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BlackBerry confirms loss of $965 million as sales drop 45%

It's a bleak day for the smartphone maker as it lays out its official fiscal second-quarter results. And don't go looking for additional details on its plans to go private.

Roger Cheng Former Executive Editor / Head of News
Roger Cheng (he/him/his) was the executive editor in charge of CNET News, managing everything from daily breaking news to in-depth investigative packages. Prior to this, he was on the telecommunications beat and wrote for Dow Jones Newswires and The Wall Street Journal for nearly a decade and got his start writing and laying out pages at a local paper in Southern California. He's a devoted Trojan alum and thinks sleep is the perfect -- if unattainable -- hobby for a parent.
Expertise Mobile, 5G, Big Tech, Social Media Credentials
  • SABEW Best in Business 2011 Award for Breaking News Coverage, Eddie Award in 2020 for 5G coverage, runner-up National Arts & Entertainment Journalism Award for culture analysis.
Roger Cheng
2 min read
The BlackBerry Q10 in action. Sarah Tew/CNET

BlackBerry offered no real surprises as it posted a fiscal second-quarter loss of nearly $1 billion amid the continuing struggles of its smartphones in the marketplace.

The Canadian company said Friday that it lost $965 million, or $1.84, compared with a year-earlier loss of $235 million, or 45 cents a share. Revenue fell 45 percent to $1.57 billion, from $2.86 billion a year ago.

The official results come a week after BlackBerry released preliminary figures and said it would cut roughly 40 percent of its staff as it shifts its focus away from consumers and more towards business customers. On Monday, the company announced a $4.7 billion deal to go private through a group of investors led by Fairfax Financial.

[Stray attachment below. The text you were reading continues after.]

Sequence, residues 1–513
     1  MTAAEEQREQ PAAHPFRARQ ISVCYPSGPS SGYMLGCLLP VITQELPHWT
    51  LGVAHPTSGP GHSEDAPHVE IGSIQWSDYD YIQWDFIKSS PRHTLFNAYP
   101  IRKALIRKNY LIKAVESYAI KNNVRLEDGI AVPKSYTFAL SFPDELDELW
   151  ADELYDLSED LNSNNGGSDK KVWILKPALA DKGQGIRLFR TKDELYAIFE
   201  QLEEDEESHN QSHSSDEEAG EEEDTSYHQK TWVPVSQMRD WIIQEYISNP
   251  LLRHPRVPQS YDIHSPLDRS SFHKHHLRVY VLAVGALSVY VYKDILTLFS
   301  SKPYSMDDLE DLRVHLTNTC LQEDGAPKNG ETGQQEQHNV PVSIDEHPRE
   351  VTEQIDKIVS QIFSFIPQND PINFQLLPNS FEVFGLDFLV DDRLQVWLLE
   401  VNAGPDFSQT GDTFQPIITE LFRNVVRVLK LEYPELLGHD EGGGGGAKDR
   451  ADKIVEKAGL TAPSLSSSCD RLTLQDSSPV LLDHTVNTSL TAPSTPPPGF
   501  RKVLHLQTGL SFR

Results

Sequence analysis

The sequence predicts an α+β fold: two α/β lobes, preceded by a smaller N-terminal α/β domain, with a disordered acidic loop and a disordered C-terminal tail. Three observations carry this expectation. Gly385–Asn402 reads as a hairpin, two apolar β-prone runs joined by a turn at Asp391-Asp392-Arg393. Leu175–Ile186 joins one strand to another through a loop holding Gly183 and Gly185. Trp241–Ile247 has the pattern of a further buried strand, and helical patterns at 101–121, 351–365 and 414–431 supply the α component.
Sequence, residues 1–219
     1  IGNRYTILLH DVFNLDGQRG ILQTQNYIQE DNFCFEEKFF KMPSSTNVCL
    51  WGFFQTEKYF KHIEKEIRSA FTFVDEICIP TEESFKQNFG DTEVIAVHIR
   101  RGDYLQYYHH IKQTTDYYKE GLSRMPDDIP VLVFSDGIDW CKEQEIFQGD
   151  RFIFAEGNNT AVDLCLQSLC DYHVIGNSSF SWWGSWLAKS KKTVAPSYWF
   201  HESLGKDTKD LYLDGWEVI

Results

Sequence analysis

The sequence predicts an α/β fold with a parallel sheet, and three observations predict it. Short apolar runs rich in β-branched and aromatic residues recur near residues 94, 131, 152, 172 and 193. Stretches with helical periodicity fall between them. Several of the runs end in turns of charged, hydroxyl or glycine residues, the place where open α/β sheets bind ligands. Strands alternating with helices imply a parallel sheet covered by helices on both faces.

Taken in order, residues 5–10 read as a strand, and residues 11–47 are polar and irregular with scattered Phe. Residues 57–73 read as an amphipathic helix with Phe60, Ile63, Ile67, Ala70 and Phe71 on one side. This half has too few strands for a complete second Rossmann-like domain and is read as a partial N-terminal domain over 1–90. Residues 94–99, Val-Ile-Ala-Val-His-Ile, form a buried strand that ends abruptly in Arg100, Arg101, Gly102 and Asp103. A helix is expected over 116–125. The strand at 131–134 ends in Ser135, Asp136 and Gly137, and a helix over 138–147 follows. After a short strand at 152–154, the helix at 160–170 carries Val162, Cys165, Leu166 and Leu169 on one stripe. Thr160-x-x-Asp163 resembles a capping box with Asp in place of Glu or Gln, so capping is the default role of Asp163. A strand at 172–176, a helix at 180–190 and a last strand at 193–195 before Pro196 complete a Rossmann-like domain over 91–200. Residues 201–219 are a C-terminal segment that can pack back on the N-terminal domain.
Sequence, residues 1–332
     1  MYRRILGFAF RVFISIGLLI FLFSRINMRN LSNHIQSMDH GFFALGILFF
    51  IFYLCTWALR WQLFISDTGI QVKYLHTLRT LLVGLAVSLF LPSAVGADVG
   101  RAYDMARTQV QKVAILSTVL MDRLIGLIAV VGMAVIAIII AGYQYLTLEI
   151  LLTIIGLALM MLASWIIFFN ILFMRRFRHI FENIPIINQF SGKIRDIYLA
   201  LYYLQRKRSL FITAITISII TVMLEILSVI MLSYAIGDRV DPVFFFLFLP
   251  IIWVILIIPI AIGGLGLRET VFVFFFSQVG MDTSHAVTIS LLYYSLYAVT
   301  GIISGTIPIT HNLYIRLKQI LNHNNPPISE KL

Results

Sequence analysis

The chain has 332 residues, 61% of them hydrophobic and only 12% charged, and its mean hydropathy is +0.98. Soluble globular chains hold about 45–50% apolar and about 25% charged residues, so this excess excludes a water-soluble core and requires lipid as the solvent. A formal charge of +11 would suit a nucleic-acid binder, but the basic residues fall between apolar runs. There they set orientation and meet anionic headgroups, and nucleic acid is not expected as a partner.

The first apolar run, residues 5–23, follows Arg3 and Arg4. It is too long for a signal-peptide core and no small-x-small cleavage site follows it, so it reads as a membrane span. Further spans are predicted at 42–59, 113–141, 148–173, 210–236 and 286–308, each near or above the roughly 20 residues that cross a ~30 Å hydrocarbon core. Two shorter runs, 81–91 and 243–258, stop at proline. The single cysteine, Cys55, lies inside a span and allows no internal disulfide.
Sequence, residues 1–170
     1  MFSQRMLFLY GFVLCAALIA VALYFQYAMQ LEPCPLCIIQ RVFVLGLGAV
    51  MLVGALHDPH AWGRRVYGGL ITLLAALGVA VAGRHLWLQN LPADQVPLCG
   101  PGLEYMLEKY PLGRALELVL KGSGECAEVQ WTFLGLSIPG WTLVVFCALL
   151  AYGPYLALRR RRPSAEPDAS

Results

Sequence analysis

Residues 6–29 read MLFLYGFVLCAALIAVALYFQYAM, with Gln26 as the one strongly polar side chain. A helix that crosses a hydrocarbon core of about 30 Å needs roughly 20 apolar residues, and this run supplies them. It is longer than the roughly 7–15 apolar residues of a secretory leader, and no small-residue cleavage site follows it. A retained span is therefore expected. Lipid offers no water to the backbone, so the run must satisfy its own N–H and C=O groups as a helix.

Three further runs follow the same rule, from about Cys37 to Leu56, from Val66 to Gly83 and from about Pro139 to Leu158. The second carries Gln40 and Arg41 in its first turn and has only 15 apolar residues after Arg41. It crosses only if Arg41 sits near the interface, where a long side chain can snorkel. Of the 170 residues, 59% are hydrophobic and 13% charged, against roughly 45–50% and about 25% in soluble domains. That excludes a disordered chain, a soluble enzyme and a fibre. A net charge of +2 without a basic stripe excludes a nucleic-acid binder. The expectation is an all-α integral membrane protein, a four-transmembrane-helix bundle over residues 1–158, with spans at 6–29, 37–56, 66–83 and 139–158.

As a result of the warning, the numbers are roughly in line with the loss of 45 cents and revenue of $1.6 billion analysts had projected, although the results were dramatically worse than the figures Wall Street had expected prior to last Friday.

As previously noted, the biggest reason for the dramatic loss was the $934 million write-down in inventory of the BlackBerry Z10. Evidently, few people bought the Z10, which was the company's first phone to run the next-generation BlackBerry 10 operating system.

The newer BlackBerry phones as a whole haven't seemed to resonate with consumers. The company said it shipped 3.7 million BlackBerrys, but a majority of them were devices running older software, which remain popular in emerging markets because of their low price.

The company ended the quarter with cash and investments of $2.6 billion.

BlackBerry is shifting its focus back to serving business customers with products and back-end systems. It said that its BlackBerry Enterprise Service 10 has more than 25,000 commercial and test servers installed to date, up from 19,000 in July.

Whether that's enough to save BlackBerry -- whether it goes private or not -- remains up in the air.